18.347 references and URLs

From: Humanist Discussion Group (by way of Willard McCarty willard.mccarty_at_kcl.ac.uk>
Date: Wed, 10 Nov 2004 07:28:04 +0000

               Humanist Discussion Group, Vol. 18, No. 347.
       Centre for Computing in the Humanities, King's College London
                     Submit to: humanist_at_princeton.edu

         Date: Wed, 10 Nov 2004 06:08:18 +0000
         From: lachance_at_origin.chass.utoronto.ca (Francois Lachance)
         Subject: Re: 18.322 references and URLs


You wrote in a posting to Humanist dated October 30, 2004 that you
were induced to write a provocative missive about references about
URLs because you noticed a

> discrepancy between current doctrine and my own habitual way of finding
> things online

However in that posting to Humanist dated October 30, 2004 you go on to
describe not looking for things but looking for a thing and finding other
things along the way. What I am stressing is that beginning with the
particular search for the singular item and finding others along the way.
The model is perhaps browsing in the open stacks of a library.

There is also the practice of reading not just individual references but
groups of references. A Boolean search on a set of references in one
article or essay can lead to constellations of other essays or articles
that can be said to occupy an adjacent discursive space. E.g. Who else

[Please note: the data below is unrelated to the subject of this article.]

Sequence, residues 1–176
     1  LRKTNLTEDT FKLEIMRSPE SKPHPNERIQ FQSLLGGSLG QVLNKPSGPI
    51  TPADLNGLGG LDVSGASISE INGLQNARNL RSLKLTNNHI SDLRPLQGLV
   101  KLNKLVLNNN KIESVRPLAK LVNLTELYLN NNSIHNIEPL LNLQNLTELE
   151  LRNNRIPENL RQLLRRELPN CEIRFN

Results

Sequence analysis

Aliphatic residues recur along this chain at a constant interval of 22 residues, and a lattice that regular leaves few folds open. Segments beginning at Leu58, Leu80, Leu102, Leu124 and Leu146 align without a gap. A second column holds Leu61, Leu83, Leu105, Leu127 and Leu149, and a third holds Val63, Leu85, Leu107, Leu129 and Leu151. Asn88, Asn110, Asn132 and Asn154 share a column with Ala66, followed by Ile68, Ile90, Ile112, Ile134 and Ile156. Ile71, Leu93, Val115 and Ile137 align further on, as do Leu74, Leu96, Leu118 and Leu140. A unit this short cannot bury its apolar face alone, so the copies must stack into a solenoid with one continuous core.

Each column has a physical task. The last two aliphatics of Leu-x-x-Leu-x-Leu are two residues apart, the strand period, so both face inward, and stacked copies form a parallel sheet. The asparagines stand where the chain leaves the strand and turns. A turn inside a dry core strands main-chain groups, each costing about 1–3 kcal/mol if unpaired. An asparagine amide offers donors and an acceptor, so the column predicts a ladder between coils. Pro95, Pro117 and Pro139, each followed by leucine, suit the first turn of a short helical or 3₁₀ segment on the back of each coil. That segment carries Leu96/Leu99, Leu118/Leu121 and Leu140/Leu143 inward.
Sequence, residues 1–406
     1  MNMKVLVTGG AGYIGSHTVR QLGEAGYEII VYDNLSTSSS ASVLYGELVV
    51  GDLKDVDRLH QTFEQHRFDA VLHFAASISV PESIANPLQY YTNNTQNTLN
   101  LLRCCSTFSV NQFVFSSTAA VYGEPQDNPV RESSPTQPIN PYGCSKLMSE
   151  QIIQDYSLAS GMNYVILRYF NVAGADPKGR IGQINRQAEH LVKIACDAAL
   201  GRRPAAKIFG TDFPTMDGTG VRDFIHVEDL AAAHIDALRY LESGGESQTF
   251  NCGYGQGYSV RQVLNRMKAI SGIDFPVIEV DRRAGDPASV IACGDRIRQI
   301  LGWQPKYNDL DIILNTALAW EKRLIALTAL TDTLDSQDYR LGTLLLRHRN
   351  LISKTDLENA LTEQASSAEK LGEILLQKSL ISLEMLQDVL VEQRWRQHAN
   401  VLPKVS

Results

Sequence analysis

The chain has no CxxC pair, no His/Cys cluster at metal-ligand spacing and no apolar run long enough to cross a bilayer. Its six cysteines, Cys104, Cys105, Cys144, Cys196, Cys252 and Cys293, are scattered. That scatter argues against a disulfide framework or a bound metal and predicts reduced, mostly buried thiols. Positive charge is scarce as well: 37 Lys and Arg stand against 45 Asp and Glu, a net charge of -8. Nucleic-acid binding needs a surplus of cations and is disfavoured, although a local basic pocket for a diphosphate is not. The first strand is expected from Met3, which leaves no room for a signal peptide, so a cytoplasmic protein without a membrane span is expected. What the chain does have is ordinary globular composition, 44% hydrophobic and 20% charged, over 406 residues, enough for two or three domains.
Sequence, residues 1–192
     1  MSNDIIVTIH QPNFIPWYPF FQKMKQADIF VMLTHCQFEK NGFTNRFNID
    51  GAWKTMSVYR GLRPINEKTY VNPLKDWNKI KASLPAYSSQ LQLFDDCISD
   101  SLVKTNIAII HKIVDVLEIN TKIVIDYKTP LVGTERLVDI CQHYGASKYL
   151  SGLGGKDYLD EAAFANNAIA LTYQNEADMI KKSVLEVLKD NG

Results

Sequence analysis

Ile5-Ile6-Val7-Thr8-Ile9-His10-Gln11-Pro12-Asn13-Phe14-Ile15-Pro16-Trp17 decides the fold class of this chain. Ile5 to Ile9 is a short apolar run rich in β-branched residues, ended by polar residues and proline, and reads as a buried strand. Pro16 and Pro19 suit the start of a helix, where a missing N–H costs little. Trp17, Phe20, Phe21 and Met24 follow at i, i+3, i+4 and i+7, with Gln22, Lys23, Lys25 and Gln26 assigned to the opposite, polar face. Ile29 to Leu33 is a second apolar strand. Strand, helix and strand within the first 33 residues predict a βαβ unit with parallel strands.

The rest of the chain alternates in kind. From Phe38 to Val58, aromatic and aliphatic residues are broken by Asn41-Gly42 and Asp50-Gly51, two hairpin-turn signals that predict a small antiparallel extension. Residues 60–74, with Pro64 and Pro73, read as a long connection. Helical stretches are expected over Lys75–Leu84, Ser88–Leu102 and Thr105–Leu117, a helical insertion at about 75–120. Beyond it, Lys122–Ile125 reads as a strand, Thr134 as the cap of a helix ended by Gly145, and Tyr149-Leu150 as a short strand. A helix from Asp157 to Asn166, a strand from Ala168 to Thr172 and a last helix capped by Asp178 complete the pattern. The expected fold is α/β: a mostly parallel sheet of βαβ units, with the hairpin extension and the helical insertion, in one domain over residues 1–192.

references both Marx and Buber?

My point is very simple, the search for the multiple need not be an
exercise in serendipitous browsing. It can be orchestrated.

To extrapolate: the electronic medium facilitates reading in
terms of clusters, lists, and tables (a type of reading that was always
available to the clever manipulator of index cards).

References cluster. Articles tend to cite similar sources.

References are listed. The order of the references within an article tell
a story. They reflect a certain syntagm. Articles with similar clusters
may have a different ordering.

Listings of references lend themselves to tabulation. Comparative
frequency lists anyone? Discursive shifts over time?

To reposition the question: in your practice, what kinds of pictures do
you draw? how do you visualize the textual relations?

Francois Lachance, Scholar-at-large
A calendar is like a map. And just as maps have insets, calendars in the
21st century might have 'moments' expressed in flat local time fanning out
into "great circles" expressed in earth revolution time.
Received on Wed Nov 10 2004 - 02:35:36 EST

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